Are opioid medications preferable for improving pain-related function in adults with severe chronic back, hip, or knee pain?
Nonopioid medications were at least as effective as opioid medications for improving pain-related function over 12 months in adults with severe chronic back pain or knee or hip osteoarthritis pain. The evidence that opioids are not superior to nonopioid medications for chronic and acute pain continues to mount. The tough job will be getting patients and their clinicians to believe the evidence. (Level of Evidence = 1b)
For decades, patients and clinicians have believed that opioids are superior for reducing pain and improving function in patients with severe chronic pain. Investigators identified adults with chronic back pain or hip or knee osteoarthritis pain that rated at least moderately severe on a standard pain rating scale and persisted every day for at least six months. Patients with severe depression or posttraumatic stress disorder symptoms were not excluded. Study participants (N = 240) randomly received assignment (concealed allocation) to an opioid or nonopioid pain management group. Patients in the opioid group started taking immediate-release oral opioids with escalation to sustained-released oral opioids and finally to transdermal fentanyl, if needed. Titration continued to a maximum daily dosage of 100 morphine-equivalent milligrams. Patients in the nonopioid medication group started with acetaminophen and nonsteroidal anti-inflammatory drugs, with step-up as needed to adjuvant oral medications (e.g., amitriptyline, gabapentin [Neurontin]) and topical analgesics (e.g., capsaicin, lidocaine), and finally to pregabalin (Lyrica), duloxetine (Cymbalta), and/or tramadol, if needed. Medication adherence was monitored by urine drug testing and with regular checking of a state prescription monitoring program. Individuals who assessed outcomes remained masked to treatment group assignment. Follow-up rates ranged from 90% to 98% of patients at 12 months. The mean age was 58.3 years (range = 21 to 80 years), and 13% were women.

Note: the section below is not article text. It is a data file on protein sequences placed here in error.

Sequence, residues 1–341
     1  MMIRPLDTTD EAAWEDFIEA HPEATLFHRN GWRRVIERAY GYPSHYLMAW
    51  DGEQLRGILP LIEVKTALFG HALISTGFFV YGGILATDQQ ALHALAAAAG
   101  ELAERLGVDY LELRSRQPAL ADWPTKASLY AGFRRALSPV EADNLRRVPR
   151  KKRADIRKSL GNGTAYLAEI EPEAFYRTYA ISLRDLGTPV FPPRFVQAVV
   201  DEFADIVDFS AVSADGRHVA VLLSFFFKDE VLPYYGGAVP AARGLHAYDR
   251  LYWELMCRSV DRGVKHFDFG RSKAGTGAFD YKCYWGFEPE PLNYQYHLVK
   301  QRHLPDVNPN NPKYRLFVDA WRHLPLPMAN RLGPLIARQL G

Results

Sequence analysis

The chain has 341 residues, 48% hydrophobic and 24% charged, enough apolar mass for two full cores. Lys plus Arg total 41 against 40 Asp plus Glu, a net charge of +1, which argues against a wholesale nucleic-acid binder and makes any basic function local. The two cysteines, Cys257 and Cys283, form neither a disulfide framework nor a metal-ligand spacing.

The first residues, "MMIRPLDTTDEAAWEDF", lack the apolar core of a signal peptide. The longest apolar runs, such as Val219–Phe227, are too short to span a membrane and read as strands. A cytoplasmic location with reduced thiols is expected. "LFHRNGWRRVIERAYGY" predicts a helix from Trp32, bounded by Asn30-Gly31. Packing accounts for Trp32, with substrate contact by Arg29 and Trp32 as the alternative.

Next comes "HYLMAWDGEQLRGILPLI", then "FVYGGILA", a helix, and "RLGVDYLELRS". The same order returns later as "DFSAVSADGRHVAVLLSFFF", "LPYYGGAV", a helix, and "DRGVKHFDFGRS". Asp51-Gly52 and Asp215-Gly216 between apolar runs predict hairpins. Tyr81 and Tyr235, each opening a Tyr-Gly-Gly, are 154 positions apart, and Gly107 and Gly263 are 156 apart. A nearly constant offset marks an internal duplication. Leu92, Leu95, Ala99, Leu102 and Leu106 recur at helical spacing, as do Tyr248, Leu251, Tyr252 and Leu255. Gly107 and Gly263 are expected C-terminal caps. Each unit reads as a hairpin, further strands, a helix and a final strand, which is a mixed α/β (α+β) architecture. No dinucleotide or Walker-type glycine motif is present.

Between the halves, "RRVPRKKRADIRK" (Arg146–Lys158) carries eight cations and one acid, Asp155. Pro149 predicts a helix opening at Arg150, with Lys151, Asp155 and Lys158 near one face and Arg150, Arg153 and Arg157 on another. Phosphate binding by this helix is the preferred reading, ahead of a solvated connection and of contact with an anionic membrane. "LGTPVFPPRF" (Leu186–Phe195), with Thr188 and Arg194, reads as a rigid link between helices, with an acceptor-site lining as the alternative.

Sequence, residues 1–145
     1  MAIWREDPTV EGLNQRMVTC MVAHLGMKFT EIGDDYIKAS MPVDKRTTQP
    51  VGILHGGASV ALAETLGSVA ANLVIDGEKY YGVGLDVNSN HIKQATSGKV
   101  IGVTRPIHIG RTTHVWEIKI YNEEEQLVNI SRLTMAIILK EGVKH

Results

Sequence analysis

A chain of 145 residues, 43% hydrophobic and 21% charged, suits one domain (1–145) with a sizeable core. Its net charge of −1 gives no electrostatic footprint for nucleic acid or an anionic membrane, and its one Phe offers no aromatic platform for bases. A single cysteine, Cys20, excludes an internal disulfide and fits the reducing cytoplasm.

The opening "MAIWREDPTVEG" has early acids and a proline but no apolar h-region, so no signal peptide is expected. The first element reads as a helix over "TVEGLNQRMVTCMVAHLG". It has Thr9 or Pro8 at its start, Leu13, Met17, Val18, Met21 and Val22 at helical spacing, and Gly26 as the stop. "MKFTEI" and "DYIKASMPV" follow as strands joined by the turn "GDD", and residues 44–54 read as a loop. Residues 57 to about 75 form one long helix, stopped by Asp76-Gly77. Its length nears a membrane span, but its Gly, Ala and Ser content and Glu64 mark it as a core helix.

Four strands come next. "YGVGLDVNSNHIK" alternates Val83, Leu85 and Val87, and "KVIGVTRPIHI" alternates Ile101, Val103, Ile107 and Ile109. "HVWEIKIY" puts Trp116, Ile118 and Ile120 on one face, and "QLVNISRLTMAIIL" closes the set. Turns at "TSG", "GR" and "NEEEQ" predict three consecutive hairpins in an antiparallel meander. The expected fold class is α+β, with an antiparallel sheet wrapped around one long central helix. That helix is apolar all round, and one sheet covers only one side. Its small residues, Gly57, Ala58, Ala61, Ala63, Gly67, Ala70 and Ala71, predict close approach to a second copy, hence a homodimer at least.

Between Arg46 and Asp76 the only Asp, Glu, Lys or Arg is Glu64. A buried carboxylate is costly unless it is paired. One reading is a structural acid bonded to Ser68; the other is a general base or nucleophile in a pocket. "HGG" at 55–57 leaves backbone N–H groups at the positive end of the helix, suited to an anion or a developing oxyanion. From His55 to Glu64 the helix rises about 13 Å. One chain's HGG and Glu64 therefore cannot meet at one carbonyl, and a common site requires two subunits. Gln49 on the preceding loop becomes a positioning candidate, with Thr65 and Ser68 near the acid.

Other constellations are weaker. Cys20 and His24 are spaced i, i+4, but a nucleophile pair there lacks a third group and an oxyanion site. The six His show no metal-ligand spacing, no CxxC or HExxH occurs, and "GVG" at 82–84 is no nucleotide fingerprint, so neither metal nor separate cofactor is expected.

Using intention-to-treat analyses, there was no significant group difference in pain-related function over 12 months based on standard rating scales. Overall, pain intensity was significantly better in the nonopioid group over 12 months. Dropouts because of adverse medication-related symptoms were significantly higher in the opioid group than in the nonopioid group (19% vs. 8%, respectively). No deaths or diversions were detected in either group. Tramadol was dispensed to 11% of patients in the nonopioid group over the 12 months of follow-up.
Study design: Randomized controlled trial (nonblinded)
Funding source: Government
Setting: Outpatient (primary care)
Reference:KrebsEEGravelyANugentSet alEffect of opioid vs nonopioid medications on pain-related function in patients with chronic back pain or hip or knee osteoarthritis pain: the SPACE randomized clinical trial. JAMA2018;319(9):872–882.